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When buying child car seats, the safety aspect plays an even greater role than when buying pushchairs. But other features like comfort, functionality, and appearance are also important buying criteria.
What do parents particularly value when purchasing child car seats?
MAXI-COSI, a major European child car seat manufacturer and part of DOREL stresses that comfort is the most important criterion for the purchase of children’s car seats. Safety and quality are paramount for children. “At the same time, easy handling and comfortable use, as well as appearance, play an important role, as a child’s car seat should be adapted to the parents’ lifestyle, being easy to use and stylish,” says Michael Neumann, Managing Director Northern Europe at DOREL.
Per Ro Rotson, Director of the Norwegian company BE SAFE, emphasises the growing demand for rear-facing seats, which are safer. He also mentions other criteria: “At the same time, parents attach great importance to the fact that the seats are practical to use. We know, for example, that it is simply not enough that backward-facing seats are approved up until 4 years of age. The seats must also provide sufficient space for the child’s legs up to this age. Theory and practice must go together.”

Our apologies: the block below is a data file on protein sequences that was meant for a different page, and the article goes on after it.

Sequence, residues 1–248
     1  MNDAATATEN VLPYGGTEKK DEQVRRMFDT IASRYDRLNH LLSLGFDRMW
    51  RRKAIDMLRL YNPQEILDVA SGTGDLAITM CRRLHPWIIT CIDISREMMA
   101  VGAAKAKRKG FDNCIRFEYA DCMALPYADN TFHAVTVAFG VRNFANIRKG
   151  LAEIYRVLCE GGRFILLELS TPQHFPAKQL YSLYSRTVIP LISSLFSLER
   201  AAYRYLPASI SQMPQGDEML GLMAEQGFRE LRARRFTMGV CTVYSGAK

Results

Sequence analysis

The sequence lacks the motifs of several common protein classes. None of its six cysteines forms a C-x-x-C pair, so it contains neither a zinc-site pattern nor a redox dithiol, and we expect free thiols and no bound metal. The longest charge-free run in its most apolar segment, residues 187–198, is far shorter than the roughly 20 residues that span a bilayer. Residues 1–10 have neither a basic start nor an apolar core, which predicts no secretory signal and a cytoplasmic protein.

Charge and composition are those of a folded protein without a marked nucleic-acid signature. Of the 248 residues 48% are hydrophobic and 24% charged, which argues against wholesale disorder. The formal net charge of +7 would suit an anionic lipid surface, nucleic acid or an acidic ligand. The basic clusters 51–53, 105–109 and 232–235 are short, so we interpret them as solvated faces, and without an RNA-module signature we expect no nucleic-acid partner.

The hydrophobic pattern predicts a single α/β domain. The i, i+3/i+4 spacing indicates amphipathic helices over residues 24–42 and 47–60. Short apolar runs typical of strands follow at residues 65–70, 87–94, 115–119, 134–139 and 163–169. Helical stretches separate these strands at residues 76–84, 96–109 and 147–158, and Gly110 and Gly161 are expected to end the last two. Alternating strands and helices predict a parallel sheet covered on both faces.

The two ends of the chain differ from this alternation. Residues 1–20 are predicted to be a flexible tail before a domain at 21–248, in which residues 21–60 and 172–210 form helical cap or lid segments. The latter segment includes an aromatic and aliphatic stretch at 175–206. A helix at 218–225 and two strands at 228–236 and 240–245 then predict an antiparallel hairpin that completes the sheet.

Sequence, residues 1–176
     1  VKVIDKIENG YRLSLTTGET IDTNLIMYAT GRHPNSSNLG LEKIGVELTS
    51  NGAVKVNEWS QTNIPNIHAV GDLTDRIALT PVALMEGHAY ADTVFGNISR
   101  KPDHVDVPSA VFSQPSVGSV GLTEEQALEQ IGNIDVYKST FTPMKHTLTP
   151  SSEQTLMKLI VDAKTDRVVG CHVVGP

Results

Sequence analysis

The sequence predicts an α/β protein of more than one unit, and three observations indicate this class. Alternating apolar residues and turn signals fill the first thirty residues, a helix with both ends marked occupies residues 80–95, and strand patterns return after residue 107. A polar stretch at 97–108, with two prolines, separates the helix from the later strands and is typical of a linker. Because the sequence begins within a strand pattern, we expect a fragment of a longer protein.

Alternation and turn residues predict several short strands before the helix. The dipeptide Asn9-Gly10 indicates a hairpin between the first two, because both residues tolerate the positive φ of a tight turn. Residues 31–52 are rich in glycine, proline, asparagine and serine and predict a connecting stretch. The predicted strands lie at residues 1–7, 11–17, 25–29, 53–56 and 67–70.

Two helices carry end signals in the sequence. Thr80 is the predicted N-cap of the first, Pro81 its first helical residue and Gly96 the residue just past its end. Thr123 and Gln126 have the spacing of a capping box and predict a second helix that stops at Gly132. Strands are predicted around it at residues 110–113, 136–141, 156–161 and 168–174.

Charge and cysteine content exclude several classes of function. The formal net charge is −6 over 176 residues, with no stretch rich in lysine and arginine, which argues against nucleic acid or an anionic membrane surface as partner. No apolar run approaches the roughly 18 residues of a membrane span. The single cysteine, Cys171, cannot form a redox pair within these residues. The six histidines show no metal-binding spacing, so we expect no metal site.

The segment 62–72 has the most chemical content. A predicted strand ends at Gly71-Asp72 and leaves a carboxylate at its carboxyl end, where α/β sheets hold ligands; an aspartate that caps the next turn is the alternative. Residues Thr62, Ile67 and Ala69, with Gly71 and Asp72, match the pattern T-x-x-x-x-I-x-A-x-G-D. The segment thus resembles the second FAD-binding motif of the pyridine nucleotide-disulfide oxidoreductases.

What is the impact and influence of test results?
Before buying a pushchair or a child’s car seat, many parents read test reports or reviews on social networks. The test results influence the purchase decision, but are not always decisive. The Stiftung Warentest consumer group tests both product categories regularly (every 2 years). The published results are disseminated by numerous other print media and produce a relatively large media echo.
Neumann states that parents are particularly concerned about safety when they buy a child car seat. He says: “Everything to do with the baby is generally a very emotional topic. In product categories such as child car seats, parents are still very aware of safety, and they are looking for credible decision-making aids. Consumers and retailers rely primarily on Stiftung Warentest and ADAC. Both have a great influence on the consumer’s choice and therefore on the sales and the market success of a product.”